Angelina Jolie used genomic sequencing to learn that she was highly likely to eventually develop breast cancer, allowing her to make an informed decision and get a double mastectomy. However, celebrities aren’t the only ones who can benefit from advanced genetic analysis – which is now much more affordable and accessible thanks to projects such as the Collaborative Cancer Cloud.
- Angelina Jolie: Survival through Personalized Cancer Data
- Expediting Healing with the Collaborative Cancer Cloud
- Spinning Up Your Own Cloud VPS Server
Angelina Jolie: Survival through Personalized Cancer Data
Angelina Jolie was told by her doctors in 2013 that she had a problematic variant of the BRCA1 gene that put her in an extremely high-risk category for breast cancer. In fact, it meant that her likelihood of developing the disease was a whopping 87%. Understanding how very real the threat of cancer was for her simply because of hereditary factors, Jolie opted to get a preventive double mastectomy – which effectively nullified her chances of getting the illness, dropping her to just 5% susceptibility.
DNA analysis of this type can now be achieved more rapidly and cheaply than in the past. That means patients can better understand their biggest health vulnerabilities, and doctors can better pinpoint the most effective treatments on a case-by-case basis.
By integrating revolutionary approaches to genetic testing with cloud hosting and artificial intelligence, drug firms are now able to release medications more quickly, and the pharmaceuticals are more likely to be effective.
Expediting Healing with the Collaborative Cancer Cloud
It’s no exaggeration that these technologies are saving lives. Take Eric Dishman, for instance. At 19, Eric found out that he had a virtually unknown form of kidney cancer. For more than two decades, he was essentially a guinea pig. None of the therapies that were attempted seemed to work. Finally, he had the opportunity to get his genome sequenced. Using the sequence, researchers were able to zero in on the gene that was the root source of the cancer, leading his physicians to the correct medications.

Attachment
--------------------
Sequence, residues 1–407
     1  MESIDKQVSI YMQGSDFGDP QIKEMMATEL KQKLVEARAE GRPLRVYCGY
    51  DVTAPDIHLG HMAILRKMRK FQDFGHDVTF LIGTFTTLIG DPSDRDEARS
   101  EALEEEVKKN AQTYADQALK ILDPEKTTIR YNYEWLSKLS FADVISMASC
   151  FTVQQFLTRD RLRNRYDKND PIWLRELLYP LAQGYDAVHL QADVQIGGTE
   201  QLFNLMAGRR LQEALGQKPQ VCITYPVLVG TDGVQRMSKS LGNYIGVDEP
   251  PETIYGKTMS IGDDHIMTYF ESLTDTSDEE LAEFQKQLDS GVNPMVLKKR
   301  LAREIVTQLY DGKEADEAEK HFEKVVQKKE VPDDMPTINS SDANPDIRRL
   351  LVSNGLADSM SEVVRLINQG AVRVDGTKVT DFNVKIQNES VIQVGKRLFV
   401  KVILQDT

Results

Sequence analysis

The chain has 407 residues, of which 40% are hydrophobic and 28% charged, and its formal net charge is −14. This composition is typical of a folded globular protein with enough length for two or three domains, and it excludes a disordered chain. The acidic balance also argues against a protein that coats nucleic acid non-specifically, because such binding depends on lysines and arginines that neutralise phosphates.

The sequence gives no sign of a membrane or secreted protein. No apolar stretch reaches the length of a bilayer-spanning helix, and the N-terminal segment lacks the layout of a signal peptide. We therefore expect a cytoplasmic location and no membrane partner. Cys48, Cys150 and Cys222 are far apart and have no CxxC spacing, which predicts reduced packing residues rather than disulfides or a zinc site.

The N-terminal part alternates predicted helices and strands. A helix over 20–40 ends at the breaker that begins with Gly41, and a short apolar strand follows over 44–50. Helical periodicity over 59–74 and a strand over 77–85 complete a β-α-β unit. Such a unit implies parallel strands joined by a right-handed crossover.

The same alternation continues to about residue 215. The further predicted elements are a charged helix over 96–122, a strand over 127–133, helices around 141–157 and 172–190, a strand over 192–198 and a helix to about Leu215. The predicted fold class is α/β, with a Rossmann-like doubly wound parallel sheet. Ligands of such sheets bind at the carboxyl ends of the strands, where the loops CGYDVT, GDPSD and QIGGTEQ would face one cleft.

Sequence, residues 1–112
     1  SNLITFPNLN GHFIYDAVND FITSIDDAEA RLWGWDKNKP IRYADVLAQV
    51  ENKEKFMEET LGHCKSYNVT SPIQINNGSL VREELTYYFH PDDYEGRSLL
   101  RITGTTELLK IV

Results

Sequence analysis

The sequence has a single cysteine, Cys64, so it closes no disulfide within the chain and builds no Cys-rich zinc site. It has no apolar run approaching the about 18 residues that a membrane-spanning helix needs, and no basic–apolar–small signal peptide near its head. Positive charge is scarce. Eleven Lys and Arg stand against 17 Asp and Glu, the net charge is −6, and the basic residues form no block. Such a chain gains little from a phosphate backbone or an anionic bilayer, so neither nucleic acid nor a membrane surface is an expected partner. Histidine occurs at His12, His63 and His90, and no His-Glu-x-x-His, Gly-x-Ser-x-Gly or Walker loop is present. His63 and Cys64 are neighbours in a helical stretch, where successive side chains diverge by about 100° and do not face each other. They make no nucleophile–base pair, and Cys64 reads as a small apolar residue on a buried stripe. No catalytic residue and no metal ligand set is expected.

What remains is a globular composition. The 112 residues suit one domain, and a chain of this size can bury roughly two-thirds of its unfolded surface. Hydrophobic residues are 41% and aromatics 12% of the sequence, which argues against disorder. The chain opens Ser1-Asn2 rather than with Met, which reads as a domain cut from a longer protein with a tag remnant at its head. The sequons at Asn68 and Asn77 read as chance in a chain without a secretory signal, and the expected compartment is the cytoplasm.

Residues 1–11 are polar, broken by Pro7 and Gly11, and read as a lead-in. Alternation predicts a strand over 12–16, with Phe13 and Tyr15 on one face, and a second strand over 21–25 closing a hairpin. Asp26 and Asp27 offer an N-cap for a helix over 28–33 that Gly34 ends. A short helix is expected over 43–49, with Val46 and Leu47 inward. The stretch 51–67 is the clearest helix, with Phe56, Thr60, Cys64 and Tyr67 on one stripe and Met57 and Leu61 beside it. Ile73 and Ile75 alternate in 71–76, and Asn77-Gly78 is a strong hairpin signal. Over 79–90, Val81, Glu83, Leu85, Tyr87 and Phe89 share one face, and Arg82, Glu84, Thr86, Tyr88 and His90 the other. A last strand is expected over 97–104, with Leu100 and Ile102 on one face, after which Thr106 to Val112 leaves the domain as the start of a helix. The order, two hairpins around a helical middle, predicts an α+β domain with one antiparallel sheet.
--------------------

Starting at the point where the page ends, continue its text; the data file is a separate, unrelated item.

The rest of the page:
Now healed of his cancer, Dishman knows it was the technology that allowed for his almost miraculous recovery. “My doctors had never done anything with the genome sequence before,” he says. “It turns out that 92% of the drugs I had been on would never have worked, but they didn’t know that.”
The entire process to identify what drugs would work best for Dishman lasted the better part of a year – three months for specialists to look at his genetic information, plus four months to put his genome up against others with kidney cancer throughout the country for a broader set of data.
After 23 years of looking for a cure for his cancer, seven months was a drop in the bucket. However, Dishman was growing impatient and didn’t want others in his position to have to go through the same long wait. That’s why he helped create the Collaborative Cancer Cloud, a project sponsored in part by the Oregon Health and Science University (OHSU).
The idea behind this initiative is to expedite the rise of what’s called precision medicine. The CCC allows partner organizations, such as cancer clinics and universities, to exchange and compare sequences, medical files, and lab information in a safe setting so that people are likelier to beat cancer before it takes their lives.
Dishman explains that this form of integrated, collective cloud has not been the standard in the healthcare industry. Instead, the major cancer hospitals across the planet “pool their data and make a little cloud where people come together and do research,” he says. “But the problem is that only about 4% of the data is available to look at.”
The idea behind the Collaborative Cancer Cloud is to open up all of the information to researchers and practitioners so that they can deliver the most suitable treatments to each person. That’s achieved by looking at how people with certain genetic sequences have responded to various drugs in the past.
None of the data contains any personally identifiable details, so it’s HIPAA-compliant; and all of the data that is sent is encrypted.
As of April 19, 2016, OHSU is collaborating with two other cancer research hospitals in the United States. The goal is to eventually expand the project internationally. Plus, the project doesn’t necessarily have to be limited to cancer but could eventually be used to find solutions for other serious illnesses, including muscular dystrophy.
Part of the challenge with utilizing patients’ specific genomes is that it can be incredibly time-intensive. Regardless of the speed and automation inherent to the technologies being used, there is still a fair amount of raw human analytic power that’s necessary. “One of the things that we saw is that the oncologists that were interested in viewing genomic medicine were so swamped trying to make the tech work that they were not seeing patients,” says Dishman. “One of the ways we measure our success is whether the oncologists can go back to being oncologists.”
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